When dealing with mobile equipment versus permanently installed pumps, it’s important to also check the engine and mounting hardware. If the engine and pump end are out of alignment, the bearings will wear prematurely. As bearing wear increases, more heat is generated. Proper greasing will help reduce bearing wear. Checking bearing temperature regularly provides an early indication that something might be out of alignment or other problems exist.

What to Ask When You’re Renting a Pump

When you are in the market to rent a pump, make sure you ask about the company’s service practices:

  • What does the service entail?
  • Who is responsible for service?
  • Is there additional maintenance that is needed?
  • Is the pump vacuum tested regularly?
  • Can the pump run dry?

If the pump can’t run dry, the pump end can potentially seize up in certain suction conditions, and you’ll likely be responsible for the cost of repairing the unit, which could be thousands of dollars.

In-Field Bypass System Maintenance

An easy way to ensure smooth pump operation is by supporting pipe with cribbing to keep the weight of the pipe and water off the pump itself. In addition to the pump maintenance described earlier, one of the biggest things you can do to ensure your bypass system is performing is to keep the priming system and pump clean and free of all the items that go down the toilet, including toilet paper, rags, mop heads and even random things like swim suits and dentures. When a pump starts to clog up, it won’t pull a proper vacuum. You’ll know this is happening when the pump’s flow starts to decrease and there’s a drop in the vacuum and pressure gauges. It’s also easy to hear; the pump will start to make a different noise and will start vibrating and shaking.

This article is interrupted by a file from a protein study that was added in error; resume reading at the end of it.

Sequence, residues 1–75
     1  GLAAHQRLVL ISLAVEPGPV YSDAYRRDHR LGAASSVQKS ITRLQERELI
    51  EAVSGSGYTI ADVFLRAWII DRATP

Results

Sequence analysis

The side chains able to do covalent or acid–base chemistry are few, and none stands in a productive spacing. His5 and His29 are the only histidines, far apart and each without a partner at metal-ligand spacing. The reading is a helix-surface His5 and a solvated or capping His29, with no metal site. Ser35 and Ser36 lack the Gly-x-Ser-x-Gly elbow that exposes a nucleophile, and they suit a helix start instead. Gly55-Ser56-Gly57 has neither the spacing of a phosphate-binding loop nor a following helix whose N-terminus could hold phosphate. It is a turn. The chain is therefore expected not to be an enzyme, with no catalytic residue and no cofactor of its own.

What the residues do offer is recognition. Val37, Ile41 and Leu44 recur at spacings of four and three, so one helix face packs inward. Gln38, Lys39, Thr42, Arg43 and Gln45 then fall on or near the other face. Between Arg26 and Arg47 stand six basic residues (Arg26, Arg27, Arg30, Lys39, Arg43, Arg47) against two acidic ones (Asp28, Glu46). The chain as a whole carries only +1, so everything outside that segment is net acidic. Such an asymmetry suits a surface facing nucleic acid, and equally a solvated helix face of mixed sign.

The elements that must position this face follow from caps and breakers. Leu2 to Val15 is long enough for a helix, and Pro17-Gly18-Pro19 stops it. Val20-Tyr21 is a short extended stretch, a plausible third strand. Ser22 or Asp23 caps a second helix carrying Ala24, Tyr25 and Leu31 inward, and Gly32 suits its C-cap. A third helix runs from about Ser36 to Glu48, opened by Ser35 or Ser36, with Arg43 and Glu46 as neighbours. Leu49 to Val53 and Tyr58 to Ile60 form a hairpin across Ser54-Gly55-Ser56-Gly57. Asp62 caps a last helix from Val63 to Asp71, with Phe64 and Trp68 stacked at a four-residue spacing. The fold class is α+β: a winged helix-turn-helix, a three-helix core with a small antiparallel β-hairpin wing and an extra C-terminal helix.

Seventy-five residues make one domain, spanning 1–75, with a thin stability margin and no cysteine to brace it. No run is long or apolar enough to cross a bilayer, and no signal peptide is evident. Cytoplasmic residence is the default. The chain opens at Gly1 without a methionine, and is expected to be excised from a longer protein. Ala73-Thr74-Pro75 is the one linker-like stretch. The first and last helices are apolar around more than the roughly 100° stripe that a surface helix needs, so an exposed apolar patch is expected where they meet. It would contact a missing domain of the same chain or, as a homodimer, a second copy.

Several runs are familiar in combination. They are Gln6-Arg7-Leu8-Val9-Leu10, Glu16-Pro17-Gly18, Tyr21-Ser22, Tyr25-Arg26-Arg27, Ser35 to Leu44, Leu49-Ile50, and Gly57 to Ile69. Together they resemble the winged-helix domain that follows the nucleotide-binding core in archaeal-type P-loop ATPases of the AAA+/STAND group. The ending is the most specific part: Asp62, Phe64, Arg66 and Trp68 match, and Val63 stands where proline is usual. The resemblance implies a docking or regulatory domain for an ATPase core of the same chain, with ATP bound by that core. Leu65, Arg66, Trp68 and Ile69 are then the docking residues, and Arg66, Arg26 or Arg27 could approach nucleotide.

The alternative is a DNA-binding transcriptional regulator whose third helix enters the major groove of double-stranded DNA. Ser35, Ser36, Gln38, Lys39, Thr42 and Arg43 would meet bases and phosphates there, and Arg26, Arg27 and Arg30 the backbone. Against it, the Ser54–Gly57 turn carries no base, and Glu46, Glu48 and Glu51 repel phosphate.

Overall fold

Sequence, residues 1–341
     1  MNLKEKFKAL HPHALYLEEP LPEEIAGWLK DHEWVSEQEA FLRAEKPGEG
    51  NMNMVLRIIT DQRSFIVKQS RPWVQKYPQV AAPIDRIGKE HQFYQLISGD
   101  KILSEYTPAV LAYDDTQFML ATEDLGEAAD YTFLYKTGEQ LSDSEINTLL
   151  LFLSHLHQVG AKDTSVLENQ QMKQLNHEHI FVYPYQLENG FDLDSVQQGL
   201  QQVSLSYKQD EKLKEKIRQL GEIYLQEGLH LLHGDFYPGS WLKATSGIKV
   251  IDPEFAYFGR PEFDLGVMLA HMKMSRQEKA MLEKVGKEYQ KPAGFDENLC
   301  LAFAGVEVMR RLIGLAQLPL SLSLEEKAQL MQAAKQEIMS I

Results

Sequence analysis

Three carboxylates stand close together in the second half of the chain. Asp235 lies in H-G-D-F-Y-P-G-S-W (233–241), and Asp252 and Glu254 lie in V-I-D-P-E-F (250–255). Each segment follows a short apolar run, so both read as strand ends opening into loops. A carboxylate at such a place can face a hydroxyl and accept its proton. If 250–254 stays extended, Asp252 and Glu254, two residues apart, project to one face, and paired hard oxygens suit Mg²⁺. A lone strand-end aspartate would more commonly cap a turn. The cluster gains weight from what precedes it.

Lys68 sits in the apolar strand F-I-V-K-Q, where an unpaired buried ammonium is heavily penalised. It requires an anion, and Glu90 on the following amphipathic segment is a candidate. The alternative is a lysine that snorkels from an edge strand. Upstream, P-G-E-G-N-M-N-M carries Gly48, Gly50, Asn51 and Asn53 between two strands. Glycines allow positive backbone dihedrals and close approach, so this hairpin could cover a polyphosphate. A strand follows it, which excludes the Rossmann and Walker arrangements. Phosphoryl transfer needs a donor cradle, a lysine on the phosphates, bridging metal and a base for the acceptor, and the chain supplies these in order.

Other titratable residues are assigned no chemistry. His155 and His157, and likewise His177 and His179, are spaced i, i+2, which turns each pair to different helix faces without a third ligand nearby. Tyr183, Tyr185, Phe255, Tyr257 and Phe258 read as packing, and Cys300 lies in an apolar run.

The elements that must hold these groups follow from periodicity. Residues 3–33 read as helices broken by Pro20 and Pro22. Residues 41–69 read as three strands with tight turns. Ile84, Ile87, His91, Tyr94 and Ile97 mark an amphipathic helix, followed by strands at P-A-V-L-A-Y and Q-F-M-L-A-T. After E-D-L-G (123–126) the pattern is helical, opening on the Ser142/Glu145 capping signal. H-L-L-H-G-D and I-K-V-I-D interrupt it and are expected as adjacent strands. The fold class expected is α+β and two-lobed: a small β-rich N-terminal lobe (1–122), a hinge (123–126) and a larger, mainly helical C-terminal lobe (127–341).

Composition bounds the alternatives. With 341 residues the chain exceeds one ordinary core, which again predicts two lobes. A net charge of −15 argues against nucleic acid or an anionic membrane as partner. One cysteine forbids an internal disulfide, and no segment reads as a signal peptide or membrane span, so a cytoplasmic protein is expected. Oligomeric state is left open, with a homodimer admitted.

Pumps should have cleanouts that are easy to access. This five- to 30-minute job may need to be done frequently or could wait until pump operations shift change. Waiting until shift change gives you additional support on site to clean out or de-rag the pumps while other personnel monitor the bypass. System backup pump(s) play a critical role during downtime for de-ragging, allowing the bypass to continue operating while managing the risk of an overflow. Another easy way to ensure smooth pump operation is by supporting pipe with cribbing to keep the weight of the pipe and water off the pump itself, maintaining the pump’s alignment to the engine.

Lastly, preventing the floats from getting sucked into the suction or debris from wrapping around the float is important. For easy access and maintenance to the floats, connect the float wires to a slotted angle iron steel tee (12 or 14 gauge) to the top part of the manhole using just enough wire to allow the floats to operate.

Proper pump maintenance and employing a trained bypass pump operation crew will help your bypass system perform as designed. By following the tips and suggestions here, your next job will be sure to run effectively.

Julie Doris is corporate communications manager at Rain for Rent.